Emily J. Sullivan
Houses are like bodies, they have a heart, bones, skin… and a stomach.
“The Haunting of Hill House” is the perfect binge series to get you seriously spooked in time for Halloween. The Netflix original series, a reimagining based on the 1959 gothic horror novel by Shirley Jackson, has been a trending topic on social media feeds everywhere.
The ghost tale has elements of terror to attract horror flick fanatics without the gore that might turn the more timid viewers away. The plot and storyline is rich, with lore upon which any truly haunted house depends. The series ponders which came first– the history that makes a house haunted or the house itself that haunts?
The show follows a family of seven, two loving parents and their five children, while skipping between past and present, reality and dreams. Hugh and Olivia Crain move into Hill House as a temporary stop. They plan to flip the house and sell it for more than they bought it, while planning to move on to the home of their dreams with extra cash in the bank. Their plans are derailed when renovating the old home with a massive floorplan and baroque detailing proves harder than anticipated. The house has secrets that it does not want to be fixed.
When the series shows the siblings later in life, it is clear the house’s impact has followed them into adulthood, fracturing their relationships with one another and tarnishing their general view of the world. Steven Crain, played by Michiel Huisman, the eldest brother, writes books about his perception of the house in a cathartic attempt. Shirley, played by Elizabeth Reaser, the eldest sister, owns a funeral home. Another sibling, Theo, played by Kate Siegel, becomes a psychologist. The youngest of the bunch, twins Luke and Nell, played by Oliver Jackson-Cohen and Victoria Pedretti, struggle and suffer deeply, one from a heroin addiction and the other from depression and recurring sleep paralysis.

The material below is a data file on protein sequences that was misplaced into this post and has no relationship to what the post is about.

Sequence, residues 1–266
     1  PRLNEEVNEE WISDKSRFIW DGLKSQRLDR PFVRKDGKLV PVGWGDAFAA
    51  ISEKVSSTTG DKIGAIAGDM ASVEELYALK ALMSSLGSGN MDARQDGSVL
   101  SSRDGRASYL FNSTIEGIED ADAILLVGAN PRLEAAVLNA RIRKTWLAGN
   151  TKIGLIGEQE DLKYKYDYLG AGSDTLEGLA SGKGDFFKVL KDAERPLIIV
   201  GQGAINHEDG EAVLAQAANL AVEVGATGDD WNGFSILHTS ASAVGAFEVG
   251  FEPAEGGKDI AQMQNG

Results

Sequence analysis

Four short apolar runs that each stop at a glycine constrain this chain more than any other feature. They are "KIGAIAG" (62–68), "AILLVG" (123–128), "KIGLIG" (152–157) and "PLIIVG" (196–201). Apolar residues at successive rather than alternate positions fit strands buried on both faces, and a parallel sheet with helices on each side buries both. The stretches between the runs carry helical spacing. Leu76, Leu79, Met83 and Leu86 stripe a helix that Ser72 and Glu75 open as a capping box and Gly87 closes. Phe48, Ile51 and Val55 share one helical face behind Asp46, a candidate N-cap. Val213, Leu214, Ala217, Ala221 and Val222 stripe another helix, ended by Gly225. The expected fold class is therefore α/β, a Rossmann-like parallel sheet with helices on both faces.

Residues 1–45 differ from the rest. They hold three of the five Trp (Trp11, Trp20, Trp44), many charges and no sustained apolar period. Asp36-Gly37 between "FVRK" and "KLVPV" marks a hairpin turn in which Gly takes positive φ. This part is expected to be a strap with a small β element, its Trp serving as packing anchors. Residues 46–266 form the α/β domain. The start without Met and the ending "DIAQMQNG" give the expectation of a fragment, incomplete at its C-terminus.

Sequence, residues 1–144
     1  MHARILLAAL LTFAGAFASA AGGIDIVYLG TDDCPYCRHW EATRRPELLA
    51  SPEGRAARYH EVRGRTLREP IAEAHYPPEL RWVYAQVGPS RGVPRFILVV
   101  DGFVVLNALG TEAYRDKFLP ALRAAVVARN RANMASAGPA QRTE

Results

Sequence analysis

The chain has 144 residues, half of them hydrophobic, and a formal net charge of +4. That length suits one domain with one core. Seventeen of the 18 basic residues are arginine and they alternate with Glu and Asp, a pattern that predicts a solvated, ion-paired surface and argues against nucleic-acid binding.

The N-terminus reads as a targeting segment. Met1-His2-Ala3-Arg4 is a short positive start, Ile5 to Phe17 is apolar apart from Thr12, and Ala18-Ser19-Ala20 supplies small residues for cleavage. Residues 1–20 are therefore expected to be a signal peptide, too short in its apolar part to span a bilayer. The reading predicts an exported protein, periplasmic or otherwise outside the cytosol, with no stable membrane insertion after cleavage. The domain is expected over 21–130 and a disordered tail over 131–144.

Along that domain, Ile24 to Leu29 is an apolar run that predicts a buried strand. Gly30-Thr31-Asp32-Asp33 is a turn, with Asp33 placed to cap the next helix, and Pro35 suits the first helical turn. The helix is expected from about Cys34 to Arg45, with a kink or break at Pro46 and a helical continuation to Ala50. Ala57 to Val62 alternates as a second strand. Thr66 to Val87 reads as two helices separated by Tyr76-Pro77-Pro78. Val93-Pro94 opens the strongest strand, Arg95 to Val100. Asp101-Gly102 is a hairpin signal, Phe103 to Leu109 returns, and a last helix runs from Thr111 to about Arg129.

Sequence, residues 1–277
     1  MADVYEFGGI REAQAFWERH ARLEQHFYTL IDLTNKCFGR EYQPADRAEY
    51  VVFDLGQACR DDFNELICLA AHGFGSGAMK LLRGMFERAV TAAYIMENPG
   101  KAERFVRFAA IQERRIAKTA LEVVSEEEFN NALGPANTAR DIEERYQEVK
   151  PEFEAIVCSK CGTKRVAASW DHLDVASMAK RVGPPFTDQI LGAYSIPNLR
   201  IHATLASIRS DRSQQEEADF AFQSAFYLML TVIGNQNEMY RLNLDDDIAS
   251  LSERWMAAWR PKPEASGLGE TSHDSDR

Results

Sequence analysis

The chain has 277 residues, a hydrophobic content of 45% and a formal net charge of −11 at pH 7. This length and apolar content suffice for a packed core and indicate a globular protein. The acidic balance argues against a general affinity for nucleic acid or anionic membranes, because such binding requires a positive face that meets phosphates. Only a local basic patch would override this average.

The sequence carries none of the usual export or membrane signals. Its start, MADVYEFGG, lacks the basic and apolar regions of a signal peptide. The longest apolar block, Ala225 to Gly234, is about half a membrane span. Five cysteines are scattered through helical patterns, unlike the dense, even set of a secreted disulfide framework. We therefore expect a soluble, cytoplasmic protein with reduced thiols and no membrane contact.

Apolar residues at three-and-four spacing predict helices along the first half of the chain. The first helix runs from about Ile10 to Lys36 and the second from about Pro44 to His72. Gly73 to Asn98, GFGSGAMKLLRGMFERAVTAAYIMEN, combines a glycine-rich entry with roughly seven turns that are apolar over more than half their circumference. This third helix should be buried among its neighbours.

The tortured siblings seem to have never really escaped the house and its haunts at all. They carry the weight of the events that took place like bricks on their back, and they feel drawn to the house in spite of their terror.
The series has received an abundance of attention, even with a rave review from the king of horror himself, Stephen King.
“I don’t usually care for this kind of revisionism, but this is great. Close to a work of genius, really. I think Shirley Jackson would approve, but who knows for sure,” King said in a tweet last week.
The series is visually stunning with superior cinematography, expertly cast with perfect pairings of the five younger Crain siblings with their older adult selves, and written in a way that makes the horror genre series surpass its competitors by adding elements of drama and mystery.
Set aside ten hours as soon as possible and binge the scary, spooky, mysterious and dramatic series. Immediately.
Emily J. Sullivan can be reached at firstname.lastname@example.org.